The saying “the days are long, but the years are short” could easily apply to the first few years of practice for lawyers. Despite the inevitable long days and nights, your first and second years of practice go by in a flash – you are learning lots of new skills, taking on many different types of transactions and files for the first time, and working with new lawyers with different styles. The learning curve is steep and, at times, can be exhausting, but these years serve an important purpose – figuring out how you want to shape your career.
Many candidates find that by the time they have reached third year, they now have refined their goals about their career path; you may have a better sense of what you enjoy, what you don’t, and what direction you’d like to take your career in the years ahead. You may have also noticed that a lot of the job postings out there specify that magic “3 to 5 years of experience” – it’s no coincidence. Not only are you ready for the next step, your next employer is ready for you too.
If you’re feeling like a change, it’s a great time to explore your options, as mid-level associates are often in high demand. Before you start plugging “legal” into every job search engine you can find, here are some ways to make your search more efficient and more successful.
Narrow It Down
Before you start your search, take the time to figure out what you are looking for. This is not to say you should have a singular focus or job title in mind at the outset, but you can save a lot of time during your search, as well as the pain of making an impulse move, if you have some direction. To figure this out, consider the following:
- What have you learned so far?
- What are you good at?
- What do you like doing? (This may not be the same as what you’re good at)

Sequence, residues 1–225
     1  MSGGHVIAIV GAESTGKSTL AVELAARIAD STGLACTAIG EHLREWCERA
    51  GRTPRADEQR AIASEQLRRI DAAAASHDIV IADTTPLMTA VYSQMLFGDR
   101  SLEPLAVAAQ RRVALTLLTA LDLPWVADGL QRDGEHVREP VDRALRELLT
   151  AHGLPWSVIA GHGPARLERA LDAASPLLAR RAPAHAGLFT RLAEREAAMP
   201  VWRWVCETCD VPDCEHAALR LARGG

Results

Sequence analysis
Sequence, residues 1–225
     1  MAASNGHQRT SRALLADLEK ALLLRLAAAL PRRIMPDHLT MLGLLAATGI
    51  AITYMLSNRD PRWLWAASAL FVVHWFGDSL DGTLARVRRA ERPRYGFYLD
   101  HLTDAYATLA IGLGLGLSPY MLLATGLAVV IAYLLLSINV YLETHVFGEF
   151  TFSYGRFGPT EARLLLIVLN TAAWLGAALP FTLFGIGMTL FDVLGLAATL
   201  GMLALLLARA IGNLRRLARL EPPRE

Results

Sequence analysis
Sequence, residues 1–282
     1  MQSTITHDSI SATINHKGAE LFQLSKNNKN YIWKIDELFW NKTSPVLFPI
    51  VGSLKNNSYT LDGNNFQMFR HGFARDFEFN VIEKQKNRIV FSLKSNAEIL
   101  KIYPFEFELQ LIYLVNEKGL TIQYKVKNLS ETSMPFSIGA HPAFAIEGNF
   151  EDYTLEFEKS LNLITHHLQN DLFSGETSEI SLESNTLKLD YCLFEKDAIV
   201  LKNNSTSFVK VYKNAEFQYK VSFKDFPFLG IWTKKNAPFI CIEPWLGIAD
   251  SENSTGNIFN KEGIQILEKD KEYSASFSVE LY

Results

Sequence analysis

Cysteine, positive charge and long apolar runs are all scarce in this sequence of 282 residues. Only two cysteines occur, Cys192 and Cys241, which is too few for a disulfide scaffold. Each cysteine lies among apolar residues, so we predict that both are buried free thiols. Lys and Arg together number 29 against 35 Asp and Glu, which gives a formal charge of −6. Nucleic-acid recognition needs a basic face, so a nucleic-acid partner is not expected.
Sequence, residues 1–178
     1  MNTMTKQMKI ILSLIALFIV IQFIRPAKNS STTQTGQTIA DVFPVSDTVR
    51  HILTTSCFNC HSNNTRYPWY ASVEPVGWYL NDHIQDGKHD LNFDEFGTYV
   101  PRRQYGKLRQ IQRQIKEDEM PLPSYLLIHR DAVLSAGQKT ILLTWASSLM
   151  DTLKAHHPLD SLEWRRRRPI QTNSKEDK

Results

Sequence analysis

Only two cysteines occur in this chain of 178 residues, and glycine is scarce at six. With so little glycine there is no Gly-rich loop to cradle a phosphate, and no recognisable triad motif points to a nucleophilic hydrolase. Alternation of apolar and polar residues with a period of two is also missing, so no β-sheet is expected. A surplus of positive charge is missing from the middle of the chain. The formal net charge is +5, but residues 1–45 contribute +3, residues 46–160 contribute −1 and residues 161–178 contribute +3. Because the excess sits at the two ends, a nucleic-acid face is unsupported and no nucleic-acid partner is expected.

- What do you enjoy about your current role?
- What don’t you enjoy?
- Why have you decided to look elsewhere?
- What kind of environment are you looking for? Consider the size of the team, and support available
There are no right or wrong answers - some people might value more flexibility over salary. Others may want a larger platform with more sophisticated deals, understanding that this may mean a less flexible work schedule. Whatever you value, it’s good to know your “must-haves”, your “nice-to-haves” and your “deal breakers” before you start looking. Now you can weed out the roles that aren’t a fit early on.
The past year has made many of us realize that there is a lot more to a job than the actual substantive work. The pandemic has forced us all to adapt to new ways of working and the silver lining has been increased flexibility that we previously have not seen in the legal profession. The million dollar question is, of course, how will working look under the “new normal”? While no one can answer this yet, it is important for you to consider the practical points as well, such as:
- What salary range are you targeting?
- What geographic location are you considering? How open are you to commuting or moving?
- How important is title to you?
- Do you need or want remote/flexible working on an ongoing basis?
- Do you need or want a certain level of mentorship? Or are you open to taking things on more independently?
Update That Resume!
Now that you have some direction, it’s time to update your resume. Proper resume drafting is an entire blog in itself (check this blog out for our best tips!), but the crucial point is that it should be tailored to the job you’re seeking and should highlight your skills accordingly.
Think of your resume like a newspaper: what needs to be “above the fold” to catch the eye of a hiring manager? Draw attention to the experience and transferable skills that match the direction you’re heading, and understand that your resume is not carved in stone. As you start reviewing job descriptions and applying to suitable roles, you should consider if your new and improved resume highlights what you need for each particular role. If it doesn’t, change it. It’s worth the effort early to hopefully move on to the interview stage.
While you’re updating your resume, don’t neglect your LinkedIn account. Make sure your job history, with details regarding your area of practice, is up to date and consistent with your resume if you’re looking to make a change.
You’re now ready to start your search! Stay tuned for our next blog which will explore our best tips for mid-level jobs search and an update on current hiring trends.
Author: Melanie Shields
Melanie is a Recruitment and Communications Consultant with The Heller Group. She is involved in the recruitment and placement of lawyers into law firms and corporations. Melanie is also responsible for the corporate communications related to The Heller Group.